EH raised concerns both before and at planning committee stage, as did SAVE, the Victorian Society, the Georgian Group, and Lancaster campaign group It's Our City. The plans were called in as many wrote to ask for this, and the inquiry was not only about heritage issues.

    Lancaster Council got into bed with Centros, and together they tried to drive a coach and horses through national planning policy, and it backfired.

    Lancaster's own Conservation Officer, at the inquiry, raised his own concerns about the scheme, possibly he should have been given the chance to have more input before it ever got to inquiry stage. Instead, Centros used Montagu Evans as its hired 'consultants' for historic environment matters, and as we know, he who pays the piper calls the tune. But the real price is now being paid, with the plans being shown for what they are, simply a money making scheme for Centros.

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  • Also in AJ: 26th June Tricorn Centre to stand empty another five years

    "The site of the Tricorn Centre in Portsmouth, demolished in 2004, could remain empty for a decade after developer Centros said it wants to extend the planning agreement for its £500 million shopping centre by five years

    In a letter to Porstmouth City Council in February, John Marsh, development director at Centros requested the extension so that the developer was given a ‘..platform to revise and improve the scheme.’

    The letter stated: ‘Due to the worsening economic and financial crisis, which has led to the current poor demand in the retail sector, we cannot progress the Northern Quarter development on the basis of the reserved matters consented in the scheme as it currently falls short of any reasonable financial expectations. We will continue to undertake a detailed review of the scheme to ensure the development has the flexibility to meet current and ongoing retailer requirements, and to improve the financial viability of the scheme.’ "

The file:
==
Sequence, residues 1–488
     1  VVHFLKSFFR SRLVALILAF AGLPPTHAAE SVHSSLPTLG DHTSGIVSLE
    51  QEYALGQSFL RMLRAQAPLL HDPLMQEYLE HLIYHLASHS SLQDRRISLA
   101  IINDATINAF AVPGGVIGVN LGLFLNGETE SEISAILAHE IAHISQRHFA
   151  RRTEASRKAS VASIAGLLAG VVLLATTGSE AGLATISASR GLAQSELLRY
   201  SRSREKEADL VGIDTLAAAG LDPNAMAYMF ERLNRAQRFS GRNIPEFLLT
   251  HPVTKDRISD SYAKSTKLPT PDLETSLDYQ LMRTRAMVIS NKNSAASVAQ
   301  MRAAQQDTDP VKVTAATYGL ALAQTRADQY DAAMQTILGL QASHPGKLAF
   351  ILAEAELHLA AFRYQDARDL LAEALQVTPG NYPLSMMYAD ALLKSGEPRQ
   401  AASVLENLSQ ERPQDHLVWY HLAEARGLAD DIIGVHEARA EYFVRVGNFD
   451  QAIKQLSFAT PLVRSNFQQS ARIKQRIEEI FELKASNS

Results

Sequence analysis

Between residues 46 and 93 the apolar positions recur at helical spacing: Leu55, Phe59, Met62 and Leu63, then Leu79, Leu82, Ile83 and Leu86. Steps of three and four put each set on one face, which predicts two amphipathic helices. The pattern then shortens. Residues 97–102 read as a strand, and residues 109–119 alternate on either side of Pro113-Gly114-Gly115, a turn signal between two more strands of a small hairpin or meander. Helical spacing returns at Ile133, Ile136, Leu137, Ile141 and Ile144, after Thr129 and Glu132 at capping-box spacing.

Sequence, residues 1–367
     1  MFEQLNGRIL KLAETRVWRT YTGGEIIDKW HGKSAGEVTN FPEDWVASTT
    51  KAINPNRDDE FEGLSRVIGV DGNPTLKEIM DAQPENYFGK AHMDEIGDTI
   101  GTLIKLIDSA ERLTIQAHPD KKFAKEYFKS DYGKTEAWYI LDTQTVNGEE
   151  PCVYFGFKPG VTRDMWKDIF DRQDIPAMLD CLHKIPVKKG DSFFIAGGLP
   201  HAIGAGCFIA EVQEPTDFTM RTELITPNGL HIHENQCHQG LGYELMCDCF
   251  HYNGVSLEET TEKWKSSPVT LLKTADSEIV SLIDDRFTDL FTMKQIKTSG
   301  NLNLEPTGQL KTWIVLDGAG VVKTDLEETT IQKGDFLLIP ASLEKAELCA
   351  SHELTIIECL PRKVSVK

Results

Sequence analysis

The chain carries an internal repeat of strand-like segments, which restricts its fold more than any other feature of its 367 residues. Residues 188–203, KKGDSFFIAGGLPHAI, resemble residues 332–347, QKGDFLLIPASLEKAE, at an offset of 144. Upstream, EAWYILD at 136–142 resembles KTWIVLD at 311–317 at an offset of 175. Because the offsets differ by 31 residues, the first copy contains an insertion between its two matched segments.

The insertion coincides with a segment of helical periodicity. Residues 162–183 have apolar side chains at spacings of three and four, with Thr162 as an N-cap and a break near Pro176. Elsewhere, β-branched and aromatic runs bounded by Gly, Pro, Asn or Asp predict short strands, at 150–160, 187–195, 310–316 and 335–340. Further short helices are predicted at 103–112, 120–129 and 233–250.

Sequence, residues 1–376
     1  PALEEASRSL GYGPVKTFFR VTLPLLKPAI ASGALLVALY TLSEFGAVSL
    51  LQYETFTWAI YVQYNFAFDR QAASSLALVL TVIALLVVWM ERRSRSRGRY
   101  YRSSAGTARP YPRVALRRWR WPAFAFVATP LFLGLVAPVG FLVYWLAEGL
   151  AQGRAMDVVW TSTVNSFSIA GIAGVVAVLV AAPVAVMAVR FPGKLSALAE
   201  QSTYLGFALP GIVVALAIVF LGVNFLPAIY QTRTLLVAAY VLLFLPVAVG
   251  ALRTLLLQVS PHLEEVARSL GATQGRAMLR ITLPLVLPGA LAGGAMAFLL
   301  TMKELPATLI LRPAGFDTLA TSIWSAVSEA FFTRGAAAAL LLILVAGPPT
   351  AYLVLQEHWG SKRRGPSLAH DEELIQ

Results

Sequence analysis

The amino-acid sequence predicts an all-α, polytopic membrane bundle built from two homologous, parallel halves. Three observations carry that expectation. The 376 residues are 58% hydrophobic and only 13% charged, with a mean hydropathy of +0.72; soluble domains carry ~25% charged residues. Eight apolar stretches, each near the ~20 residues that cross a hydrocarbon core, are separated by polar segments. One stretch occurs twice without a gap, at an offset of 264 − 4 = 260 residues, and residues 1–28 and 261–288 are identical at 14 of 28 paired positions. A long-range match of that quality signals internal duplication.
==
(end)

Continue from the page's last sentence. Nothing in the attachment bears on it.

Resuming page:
Centros Lancaster (a shell company registered in the Virgin Islands?) blamed cost for failing to attend the Lancaster inquiry.

    It needs to be questioned on its finances. Let's hope Lancaster isn't similarly blighted for years.

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  • In an email to Centros on 28 November 2008, Heather McManus of Lancaster CC said "I'm not aware that EH are changing tack on this issue ... EH has always advised that it is uncomfortable with the bridge". EH itself could scarcely have been more unequivocal: in its letter to the Council on 28 May 2008 EH stated that a scheme predicated on the footbridge and demolition of buildings in Stonewell "is one which we would have to advise Lancaster CC to refuse" (all quotes from documents obtained under FOI).

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  • Lancster City Council planning report to committee 13 14 Oct 2008

    English Heritage: ....Recommends that the wider scheme be refused, on the basis that the inclusion of the bridge link will cause a level of damage to the existing townscape, character of the Conservation Area and the setting of Listed Buildings, which is unacceptable. The scheme will not replace the existing historic environment with a built form of sufficient quality to justify the demolition of buildings within the Conservation Area.